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Electric bikes are becoming the most common option for commuting and a pleasurable ride. The motor is the essential component of an electric bike.

Regarding electric scooters and bikes, hub and mid-drive motors are the two most commonly used motors. In addition, some e-bikes also feature friction motors and geared hub motors. Which one is more beneficial depends on your needs. Continue reading to know more about electric bike motors.

Types of Motors For Electric Bikes

Electric bikes come with various types of electric motors, so make sure you choose the one that best suits your needs.

Mid-drive Motor

At the bike’s bottom bracket, a mid-drive motor has to be installed between the pedals. The bike drivetrain transfers the motor’s power to the rear wheel and propels the bike ahead.

Mid-drive motors vary in size and weight. But in general, they are large, making the bike appear “fat” from the frame. Mid-motors are ideal for off-road and mountain e-bikes due to their lower unsprung weight and ability to employ bike gears for hill climbing.

Hub-drive Motor 

The hub motor is located in the wheel hub of the bike’s front or rear wheel. Instead of being near the pedals, the hub motor is built into the wheel, making direct contact between the motor and the ground.

Front hub motors are frequently easier to install than rear hub motors. The presence of a motor in the front hub effectively makes the electric bikes all-wheel propelled, which can aid in riding over soft terrain. On the other hand, a heavy front hub motor can put too much weight in the front and cause the front tire to spin in rainy conditions on inclines.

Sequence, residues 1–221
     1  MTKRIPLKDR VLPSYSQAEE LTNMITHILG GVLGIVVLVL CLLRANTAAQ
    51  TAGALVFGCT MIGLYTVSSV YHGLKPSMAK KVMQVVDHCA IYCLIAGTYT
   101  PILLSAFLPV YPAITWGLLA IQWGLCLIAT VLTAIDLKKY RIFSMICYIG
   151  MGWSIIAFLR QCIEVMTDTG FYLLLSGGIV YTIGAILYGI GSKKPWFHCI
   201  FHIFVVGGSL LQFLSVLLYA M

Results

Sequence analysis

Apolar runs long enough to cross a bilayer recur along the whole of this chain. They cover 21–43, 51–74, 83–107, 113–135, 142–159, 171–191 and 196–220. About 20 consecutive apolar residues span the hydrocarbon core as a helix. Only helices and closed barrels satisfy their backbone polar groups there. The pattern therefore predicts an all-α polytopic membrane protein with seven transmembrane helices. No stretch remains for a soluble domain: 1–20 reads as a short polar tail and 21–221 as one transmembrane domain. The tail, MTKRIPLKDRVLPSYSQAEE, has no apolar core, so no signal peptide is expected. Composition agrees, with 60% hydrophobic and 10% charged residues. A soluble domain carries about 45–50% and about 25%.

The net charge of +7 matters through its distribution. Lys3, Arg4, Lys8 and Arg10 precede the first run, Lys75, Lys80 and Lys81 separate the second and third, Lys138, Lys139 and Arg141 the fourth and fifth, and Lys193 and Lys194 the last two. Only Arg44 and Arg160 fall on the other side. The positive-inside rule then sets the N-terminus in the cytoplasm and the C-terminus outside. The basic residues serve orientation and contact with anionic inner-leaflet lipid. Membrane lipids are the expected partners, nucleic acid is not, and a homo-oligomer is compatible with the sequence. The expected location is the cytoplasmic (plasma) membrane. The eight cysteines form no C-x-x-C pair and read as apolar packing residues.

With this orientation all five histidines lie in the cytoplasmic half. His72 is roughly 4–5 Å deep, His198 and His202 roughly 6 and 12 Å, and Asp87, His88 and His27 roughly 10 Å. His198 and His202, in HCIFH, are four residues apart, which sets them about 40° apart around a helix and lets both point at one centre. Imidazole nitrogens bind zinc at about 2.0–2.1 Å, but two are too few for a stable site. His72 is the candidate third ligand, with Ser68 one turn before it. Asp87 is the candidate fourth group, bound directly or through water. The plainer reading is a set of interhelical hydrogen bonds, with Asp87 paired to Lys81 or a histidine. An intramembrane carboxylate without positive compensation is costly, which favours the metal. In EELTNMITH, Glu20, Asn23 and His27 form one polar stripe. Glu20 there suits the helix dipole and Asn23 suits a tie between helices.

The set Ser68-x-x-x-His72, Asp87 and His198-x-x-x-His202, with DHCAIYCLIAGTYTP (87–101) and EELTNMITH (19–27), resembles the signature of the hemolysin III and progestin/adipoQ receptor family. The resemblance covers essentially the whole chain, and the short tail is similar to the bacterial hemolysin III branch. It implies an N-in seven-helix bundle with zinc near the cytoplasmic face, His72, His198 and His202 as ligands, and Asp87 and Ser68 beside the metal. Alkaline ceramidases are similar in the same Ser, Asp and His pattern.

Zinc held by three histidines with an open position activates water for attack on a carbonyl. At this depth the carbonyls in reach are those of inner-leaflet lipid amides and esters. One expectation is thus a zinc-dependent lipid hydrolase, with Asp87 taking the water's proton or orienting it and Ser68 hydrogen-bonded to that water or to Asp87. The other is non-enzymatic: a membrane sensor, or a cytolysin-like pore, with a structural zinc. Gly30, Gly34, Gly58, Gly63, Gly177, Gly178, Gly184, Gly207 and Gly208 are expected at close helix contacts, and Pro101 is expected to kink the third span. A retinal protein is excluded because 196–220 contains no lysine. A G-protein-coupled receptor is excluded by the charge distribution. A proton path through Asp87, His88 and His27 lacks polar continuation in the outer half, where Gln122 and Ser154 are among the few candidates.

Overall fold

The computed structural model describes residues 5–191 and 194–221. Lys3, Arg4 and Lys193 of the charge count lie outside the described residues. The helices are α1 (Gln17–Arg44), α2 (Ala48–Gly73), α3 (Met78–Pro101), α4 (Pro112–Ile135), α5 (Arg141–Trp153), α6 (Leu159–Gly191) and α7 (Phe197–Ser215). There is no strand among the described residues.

Putting the motor in the rear wheel hub usually results in more balanced weight distribution on the bike. This results in smoother acceleration and a more natural ride. A back hub motor is also easy to conceal behind the gears, giving the e-bike the appearance of a standard bike.

Geared Hub Motors

Geared hub motors work similarly to direct-drive hub motors, except that within the hub is a considerably faster spinning electric motor. The motor shaft is connected to a sequence of planetary gears connected to the hub and spins at a slower pace. This approach produces more torque but a lower top-end speed.

Geared hub motors are often smaller in diameter than direct-drive motors since they do not require as powerful. A motor provides the same amount of torque on the wheel. But the planetary gears make the hubs wider.

The motors also incorporate a freewheel, which means there is no regenerative braking potential. But they will coast freely instead of causing a slight drag when not used, making geared hub motor-equipped e-bikes ride more like traditional electric vehicles.

Friction Motors

Friction-driven e-bikes appear compared to those with modern hub motors and mid-drive systems. But the low-cost design has advantages for bikers who wish to convert a traditional bike with no effort. A bolt-on motor powers a small wheel that contacts the tire, which is located below the chainstays or above the seat stays. Some kits attach to the fork’s brake position.

The wheel of the motor turns the tire, propelling you ahead. The friction causes greater tire wear, although the kits are simply interchangeable between bikes. Friction drives aren’t common on new e-bikes because they’re inconvenient and inefficient, but all-in-one kits like this one from Alizeti are among the simplest methods to electrify a bike.

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